A couple of weeks ago I popped into my favourite local café in Crouch End and it was virtually empty. It was 10am and Crouch End was still waking up. The New Year had only just passed and it can take a couple of weeks for thriving society to emerge after the excesses of its festivities.
I ordered a large Assam tea, and a raspberry muffin from Armando the Spanish owner and took my book from my new leatherette man bag (an indulgent Christmas present to myself).
‘What you reading?’ came a voice from the corner.
I turned to see an older lady seated at one of the old wooden tables. She was the only other patron and was looking straight at me awaiting my response. She was wearing a woollen pinafore style patchwork dress over a white halter neck sweater. Her pure white curls poked through a silk headscarf. She had a polka dotted shopping trolley by her side with a walking stick jutting out. Her hand shook as she lifted her tea cup from its saucer and raised its steaming contents to her rosy red lips.
‘It’s by Tove Jansen called The Summer Book,’ I responded and smiled back.
‘Never heard of it. Is she English, the writer?’
‘No she’s Finnish.’
Armando appeared from the counter and delivered my tea served in a pot for one with a mismatched vintage cup and saucer, small stainless steel milk jug and spoon. The accompanying muffin also arrived on a 1950s flower-patterned china side plate.
‘Ah that’s why I haven’t heard of her then. Are you reading it in Finnish?’
‘No, it’s a translation. It’s a really good book about a girl, her grandmother and their interactions across a summer on a small Finnish Island.’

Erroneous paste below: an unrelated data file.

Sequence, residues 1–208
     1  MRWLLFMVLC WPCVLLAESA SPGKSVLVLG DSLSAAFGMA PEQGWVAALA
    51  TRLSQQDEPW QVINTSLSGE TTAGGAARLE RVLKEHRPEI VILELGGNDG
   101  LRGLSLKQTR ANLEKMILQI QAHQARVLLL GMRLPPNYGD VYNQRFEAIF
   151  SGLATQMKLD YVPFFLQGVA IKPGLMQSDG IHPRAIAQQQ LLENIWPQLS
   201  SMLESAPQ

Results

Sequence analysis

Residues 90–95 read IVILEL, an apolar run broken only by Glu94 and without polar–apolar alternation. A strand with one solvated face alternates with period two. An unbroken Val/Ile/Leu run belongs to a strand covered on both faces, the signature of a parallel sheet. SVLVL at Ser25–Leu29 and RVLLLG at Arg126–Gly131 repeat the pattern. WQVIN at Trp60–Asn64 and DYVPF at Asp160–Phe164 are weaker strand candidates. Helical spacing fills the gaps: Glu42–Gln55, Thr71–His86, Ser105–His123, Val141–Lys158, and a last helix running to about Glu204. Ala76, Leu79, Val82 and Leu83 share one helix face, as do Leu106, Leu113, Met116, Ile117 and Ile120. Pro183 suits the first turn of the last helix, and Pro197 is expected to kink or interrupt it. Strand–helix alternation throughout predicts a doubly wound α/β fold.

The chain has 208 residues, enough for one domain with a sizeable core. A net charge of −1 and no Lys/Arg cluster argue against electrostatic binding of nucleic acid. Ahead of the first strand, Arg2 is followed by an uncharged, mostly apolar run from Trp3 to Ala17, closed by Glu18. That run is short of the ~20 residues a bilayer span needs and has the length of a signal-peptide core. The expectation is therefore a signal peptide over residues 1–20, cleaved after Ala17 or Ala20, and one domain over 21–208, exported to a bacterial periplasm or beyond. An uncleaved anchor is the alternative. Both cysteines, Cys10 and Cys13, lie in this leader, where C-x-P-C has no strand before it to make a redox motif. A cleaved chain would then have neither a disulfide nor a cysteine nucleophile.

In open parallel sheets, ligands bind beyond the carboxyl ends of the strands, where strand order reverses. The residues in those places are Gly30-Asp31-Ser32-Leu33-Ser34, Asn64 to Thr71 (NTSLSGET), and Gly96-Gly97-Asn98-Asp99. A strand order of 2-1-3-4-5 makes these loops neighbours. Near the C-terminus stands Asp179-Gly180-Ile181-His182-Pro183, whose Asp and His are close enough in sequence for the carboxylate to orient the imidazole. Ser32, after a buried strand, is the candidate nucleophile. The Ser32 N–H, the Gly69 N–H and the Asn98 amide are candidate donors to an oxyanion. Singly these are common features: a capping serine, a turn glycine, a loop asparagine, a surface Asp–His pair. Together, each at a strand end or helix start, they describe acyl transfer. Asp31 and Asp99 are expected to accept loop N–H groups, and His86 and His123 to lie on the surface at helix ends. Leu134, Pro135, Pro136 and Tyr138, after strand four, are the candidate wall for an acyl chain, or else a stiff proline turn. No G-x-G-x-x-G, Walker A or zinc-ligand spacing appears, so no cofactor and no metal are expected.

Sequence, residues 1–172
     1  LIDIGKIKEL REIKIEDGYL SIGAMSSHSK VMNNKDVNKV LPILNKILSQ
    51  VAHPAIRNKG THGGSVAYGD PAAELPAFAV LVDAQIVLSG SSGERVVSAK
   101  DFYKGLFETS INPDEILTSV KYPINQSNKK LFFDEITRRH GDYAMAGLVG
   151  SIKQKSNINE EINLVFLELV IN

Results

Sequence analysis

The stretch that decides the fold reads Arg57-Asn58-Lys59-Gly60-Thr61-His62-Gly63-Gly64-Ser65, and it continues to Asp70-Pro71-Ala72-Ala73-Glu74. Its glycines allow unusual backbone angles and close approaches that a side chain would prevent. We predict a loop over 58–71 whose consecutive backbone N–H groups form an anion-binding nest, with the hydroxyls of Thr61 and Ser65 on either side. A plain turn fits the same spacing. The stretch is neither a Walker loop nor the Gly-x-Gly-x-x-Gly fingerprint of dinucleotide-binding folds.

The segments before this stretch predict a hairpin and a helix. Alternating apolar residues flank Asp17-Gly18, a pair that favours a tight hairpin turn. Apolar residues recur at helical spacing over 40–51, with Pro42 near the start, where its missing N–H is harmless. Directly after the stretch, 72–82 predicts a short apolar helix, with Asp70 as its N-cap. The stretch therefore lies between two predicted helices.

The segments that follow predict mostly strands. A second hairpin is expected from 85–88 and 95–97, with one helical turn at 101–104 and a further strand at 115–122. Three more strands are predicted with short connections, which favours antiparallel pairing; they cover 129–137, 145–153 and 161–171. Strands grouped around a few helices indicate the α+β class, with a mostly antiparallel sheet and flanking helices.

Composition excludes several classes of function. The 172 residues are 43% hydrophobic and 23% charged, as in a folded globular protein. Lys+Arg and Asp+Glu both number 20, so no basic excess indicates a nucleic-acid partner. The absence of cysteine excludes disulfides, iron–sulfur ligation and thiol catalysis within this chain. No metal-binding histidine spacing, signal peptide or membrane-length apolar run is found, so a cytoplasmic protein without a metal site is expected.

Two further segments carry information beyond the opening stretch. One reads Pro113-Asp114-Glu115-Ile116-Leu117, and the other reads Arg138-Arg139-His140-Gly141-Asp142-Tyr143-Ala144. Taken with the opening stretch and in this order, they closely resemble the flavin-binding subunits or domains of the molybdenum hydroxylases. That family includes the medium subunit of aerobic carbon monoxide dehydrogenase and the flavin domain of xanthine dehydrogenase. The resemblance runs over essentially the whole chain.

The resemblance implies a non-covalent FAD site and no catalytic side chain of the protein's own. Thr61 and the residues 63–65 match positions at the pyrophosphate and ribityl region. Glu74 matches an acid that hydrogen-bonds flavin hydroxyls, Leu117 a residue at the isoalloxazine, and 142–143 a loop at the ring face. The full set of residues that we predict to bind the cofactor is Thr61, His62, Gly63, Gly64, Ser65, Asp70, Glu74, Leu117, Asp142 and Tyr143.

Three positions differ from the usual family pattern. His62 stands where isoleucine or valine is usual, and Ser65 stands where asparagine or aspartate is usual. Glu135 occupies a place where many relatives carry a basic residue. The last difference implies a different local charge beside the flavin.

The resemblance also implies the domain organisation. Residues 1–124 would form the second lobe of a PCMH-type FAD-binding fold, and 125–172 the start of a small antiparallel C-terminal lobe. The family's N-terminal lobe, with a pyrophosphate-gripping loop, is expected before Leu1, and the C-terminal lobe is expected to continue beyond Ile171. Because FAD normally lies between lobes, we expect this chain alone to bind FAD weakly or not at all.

Armando stood with his arms folded between us watching this fledgling conversation develop.
The lady nodded and looked rather pensive as she put her cup back onto its saucer, picked up the teaspoon and gave it another stir.
‘The sugar hadn’t completely dissolved’ she said and I nodded my comprehension.
‘I’m Lil by the way.’
‘I’m Wayne,’ I replied with a smile.
‘So what do you do?’
I realised I wasn’t going to get much reading done, so I put my book down, stirred my pot and poured a cup of strong tea.
‘I’m a Sales Director and a part-time writer,’ I said and took a large bite of my freshly-baked muffin while I had the chance.
‘I used to write; children’s stories – just after the war. What do you write?’
‘I’m working on a number of short stories and a novella and I write a weekly blog. A blog is…’
‘I know what a blog is,’ Lil interjected. ‘I might be old but I’m neither senile nor computer illiterate. They taught us how to use the internet at the age group I go to. What’s the blog about?’
‘Well I’ve created this character that is an accentuation of me. It’s called Introspections of a Displaced Boulevardier and it’s about events I go to, and about living in Crouch End and London.’ I felt quite proud as I relayed the details.
‘What’s a Boulevardier?’
‘It’s a man about town, although remember I said displaced.’
Lil’s whole body gently shook with a stifled laugh as she looked me up and down.
‘Man about bloody town,’ she squawked with increased jollity looking both amazed and bemused. She grinned and lifted her teacup rattling the saucer as she did.
I smiled back and shrugged.
‘For instance I wrote about a weekend I spent on a Finnish Island with friends that I was reminded about when I started this book.’
‘You’ll have to give me the link thingie’ Lil said as Armando returned with her full English breakfast.
As Lil picked up her knife and fork and speared a locally grown organic tomato, and I took another bite of my muffin, Armando smiled and walked back towards the kitchen muttering while he fiddled with his apron strings.
‘What was that?’ Lil asked.
‘I said it seems as if you have both made a new friend today,’ Armando asserted.
Lil and I looked up a little unsure and then beamed simultaneously.
‘I think we have.’
‘Yes and he obviously needs some help with his bloody blog, ’ Lil said.
Had the Boulevardier inadvertently set up a new writers’ group? Would Armando let go of the apron strings? Time will tell…